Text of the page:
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Chuck Wendig
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Bellman & Black: A Ghost Story

Bellman & Black - Diane Setterfield The Thirteenth Tale is one of my favorite books. It's a Gothic tale about a mysterious writer, as well as being an ode to books and reading. On Goodreads, I have one quote on my profile page, and it's from that book:

"My gripe is not with lovers of the truth but with truth herself. What succor, what consolation is there in truth, compared to a story? What good is truth, at midnight, in the dark, when the wind is roaring like a bear in the chimney? When the lightning strikes shadows on the bedroom wall and the rain taps at the window with its long fingernails? No. When fear and cold make a statue of you in your bed, don't expect hard-boned and fleshless truth to come running to your aid. What you need are the plump comforts of a story. The soothing, rocking safety of a lie."

It's a good summation of the draw of fiction, and anyone who finds something to like in that quote should read the book. Aside from quotes like that, the book is a good, mysterious, sometimes-creepy story. I've recommended it a lot over the years.

Bellman & Black is Setterfield's first novel since having published The Thirteenth Tale, and I, like many people, had high expectations for it, which might be a large part why this book was so disappointing. It's certainly well-written -- Setterfield's writing is poetic without being obtuse, and she does a good job with writing tragic characters -- but the story is lacking in so many ways. The story of Bellman & Black is that of Bellman himself (the mysterious Black doesn't feature in the story until after the halfway point in the book), and so much of his life is hardly worth writing about. He's an exceptional businessman, turning a textile mill from a successful business to an enterprise, and a large part of the first half of the novel is reading about how he does it, and how much other people admire him for it. I understand its point -- in order to build up the significance of Bellman's tragedy, the author first had to show how much he had to lose -- but it doesn't make for interesting reading.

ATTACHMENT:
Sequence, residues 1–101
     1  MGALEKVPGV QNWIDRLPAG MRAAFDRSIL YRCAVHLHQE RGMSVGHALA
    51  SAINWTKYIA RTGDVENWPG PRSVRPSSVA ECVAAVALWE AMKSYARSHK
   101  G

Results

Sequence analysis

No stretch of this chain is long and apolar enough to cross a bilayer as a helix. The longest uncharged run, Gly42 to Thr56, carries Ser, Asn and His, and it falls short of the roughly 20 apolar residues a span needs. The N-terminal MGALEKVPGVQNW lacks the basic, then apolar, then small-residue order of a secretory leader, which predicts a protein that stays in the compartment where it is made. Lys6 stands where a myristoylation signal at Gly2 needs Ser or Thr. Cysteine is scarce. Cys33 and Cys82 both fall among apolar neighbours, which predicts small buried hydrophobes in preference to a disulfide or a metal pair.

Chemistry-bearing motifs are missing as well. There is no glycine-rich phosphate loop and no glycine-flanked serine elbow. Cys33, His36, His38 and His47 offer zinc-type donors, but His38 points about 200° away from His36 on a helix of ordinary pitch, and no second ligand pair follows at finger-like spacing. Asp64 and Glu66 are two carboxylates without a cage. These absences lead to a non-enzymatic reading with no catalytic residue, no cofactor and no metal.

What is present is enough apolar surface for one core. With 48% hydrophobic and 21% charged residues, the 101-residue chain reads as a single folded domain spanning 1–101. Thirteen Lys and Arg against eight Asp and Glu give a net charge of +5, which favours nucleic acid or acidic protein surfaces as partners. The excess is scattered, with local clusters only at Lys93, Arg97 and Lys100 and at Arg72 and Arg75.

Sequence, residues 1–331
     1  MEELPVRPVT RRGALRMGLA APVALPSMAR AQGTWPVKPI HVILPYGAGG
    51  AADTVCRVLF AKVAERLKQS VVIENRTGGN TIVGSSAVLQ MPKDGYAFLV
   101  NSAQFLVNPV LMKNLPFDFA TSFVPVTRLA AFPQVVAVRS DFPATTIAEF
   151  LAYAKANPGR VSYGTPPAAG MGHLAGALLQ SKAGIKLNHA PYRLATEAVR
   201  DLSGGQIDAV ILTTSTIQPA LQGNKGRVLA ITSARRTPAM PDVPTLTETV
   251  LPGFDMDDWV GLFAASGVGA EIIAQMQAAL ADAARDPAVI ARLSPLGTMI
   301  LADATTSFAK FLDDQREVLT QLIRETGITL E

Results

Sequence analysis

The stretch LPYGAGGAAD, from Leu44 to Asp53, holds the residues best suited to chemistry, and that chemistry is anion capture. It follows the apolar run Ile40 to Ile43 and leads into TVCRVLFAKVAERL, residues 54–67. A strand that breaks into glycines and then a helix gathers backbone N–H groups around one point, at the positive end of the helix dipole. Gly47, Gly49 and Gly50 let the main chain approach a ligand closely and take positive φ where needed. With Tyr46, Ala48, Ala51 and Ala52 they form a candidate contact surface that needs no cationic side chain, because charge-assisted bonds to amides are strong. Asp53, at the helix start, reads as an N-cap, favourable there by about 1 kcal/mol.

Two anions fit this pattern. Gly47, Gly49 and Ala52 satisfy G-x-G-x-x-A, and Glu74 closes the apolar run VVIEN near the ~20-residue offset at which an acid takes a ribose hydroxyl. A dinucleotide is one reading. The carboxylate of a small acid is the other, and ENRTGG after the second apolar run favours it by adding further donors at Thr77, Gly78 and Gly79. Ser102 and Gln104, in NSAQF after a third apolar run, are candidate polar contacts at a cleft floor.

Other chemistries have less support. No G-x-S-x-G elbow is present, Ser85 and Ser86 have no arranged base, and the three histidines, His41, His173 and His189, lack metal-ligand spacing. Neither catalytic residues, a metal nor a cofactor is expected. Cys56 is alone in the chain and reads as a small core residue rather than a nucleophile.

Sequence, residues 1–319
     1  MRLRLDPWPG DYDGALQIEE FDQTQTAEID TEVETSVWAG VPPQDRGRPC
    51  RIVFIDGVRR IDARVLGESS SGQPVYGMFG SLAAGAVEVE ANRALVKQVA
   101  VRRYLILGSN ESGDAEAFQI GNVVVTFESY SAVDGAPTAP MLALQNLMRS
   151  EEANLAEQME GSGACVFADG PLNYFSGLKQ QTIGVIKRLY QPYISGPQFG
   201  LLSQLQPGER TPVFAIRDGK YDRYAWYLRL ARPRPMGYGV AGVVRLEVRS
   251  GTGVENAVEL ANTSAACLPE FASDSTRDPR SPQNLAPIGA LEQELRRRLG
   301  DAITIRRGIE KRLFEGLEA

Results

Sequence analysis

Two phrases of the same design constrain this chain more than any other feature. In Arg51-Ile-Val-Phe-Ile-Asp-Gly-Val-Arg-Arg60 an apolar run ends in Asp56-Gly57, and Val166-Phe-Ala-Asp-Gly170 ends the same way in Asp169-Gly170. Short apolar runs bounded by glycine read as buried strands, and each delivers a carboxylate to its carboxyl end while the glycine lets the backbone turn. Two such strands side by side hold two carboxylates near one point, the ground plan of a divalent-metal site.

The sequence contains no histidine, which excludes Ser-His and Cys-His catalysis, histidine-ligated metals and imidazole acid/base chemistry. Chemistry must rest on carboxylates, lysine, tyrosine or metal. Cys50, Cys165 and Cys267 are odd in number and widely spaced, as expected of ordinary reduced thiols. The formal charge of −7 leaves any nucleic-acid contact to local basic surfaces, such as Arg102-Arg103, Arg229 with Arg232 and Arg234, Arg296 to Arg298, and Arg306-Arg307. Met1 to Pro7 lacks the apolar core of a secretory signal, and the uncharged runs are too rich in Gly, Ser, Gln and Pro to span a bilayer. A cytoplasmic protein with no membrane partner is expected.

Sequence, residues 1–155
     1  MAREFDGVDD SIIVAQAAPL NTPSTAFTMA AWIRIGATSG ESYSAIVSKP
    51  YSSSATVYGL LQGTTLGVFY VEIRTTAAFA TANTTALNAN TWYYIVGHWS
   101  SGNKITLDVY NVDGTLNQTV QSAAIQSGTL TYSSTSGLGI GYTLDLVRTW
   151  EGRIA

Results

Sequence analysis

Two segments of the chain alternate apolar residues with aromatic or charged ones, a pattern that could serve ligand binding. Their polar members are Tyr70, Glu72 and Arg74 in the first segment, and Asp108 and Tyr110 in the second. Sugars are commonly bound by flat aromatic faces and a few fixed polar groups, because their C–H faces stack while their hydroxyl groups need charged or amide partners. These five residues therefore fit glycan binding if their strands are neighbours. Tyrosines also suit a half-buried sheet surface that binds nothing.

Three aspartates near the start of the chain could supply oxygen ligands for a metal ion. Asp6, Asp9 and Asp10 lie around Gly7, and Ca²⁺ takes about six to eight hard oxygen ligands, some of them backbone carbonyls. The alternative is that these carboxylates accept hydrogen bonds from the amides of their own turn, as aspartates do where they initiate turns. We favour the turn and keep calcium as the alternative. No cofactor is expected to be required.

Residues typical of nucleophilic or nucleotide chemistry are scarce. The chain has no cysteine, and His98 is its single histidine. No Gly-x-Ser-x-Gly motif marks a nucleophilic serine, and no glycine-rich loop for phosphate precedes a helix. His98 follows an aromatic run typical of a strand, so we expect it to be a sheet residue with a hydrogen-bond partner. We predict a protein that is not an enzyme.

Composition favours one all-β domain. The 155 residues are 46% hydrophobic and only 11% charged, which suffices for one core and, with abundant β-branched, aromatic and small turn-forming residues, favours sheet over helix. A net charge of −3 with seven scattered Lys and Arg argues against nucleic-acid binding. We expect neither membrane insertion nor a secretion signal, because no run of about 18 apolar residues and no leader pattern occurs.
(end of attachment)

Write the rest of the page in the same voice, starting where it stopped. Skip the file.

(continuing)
The opening scene of the novel is of Bellman, as a young boy, killing a rook with a slingshot. He doesn't do it out of malice, but because it's an impossible shot that he's determined to make. From that point forward, rooks feature in Bellman's life, particularly when something terrible happens to him. And they do. Most of what Bellman gained in the first half of the novel is lost, possibly because he killed that rook so long ago. He's haunted by the rooks and the mysterious Black, but in more ways than one, he's haunted by his own past.

I have mixed feelings about the book. Thematically, it's interesting, and the book gives you much to think about upon reflection, but the book wasn't exciting or engaging. By the time I reached the last 100 pages of the book, I was just ready to be finished with it so I could move on to something else. The Thirteenth Tale had a thoughtful ending, but it also had a compelling story going on to support that ending. Bellman & Black is more like something one reads for a literature assignment -- it's not particularly interesting, but it raises a lot of talking points. It's hard to recommend because of that, even to fans of her previous book.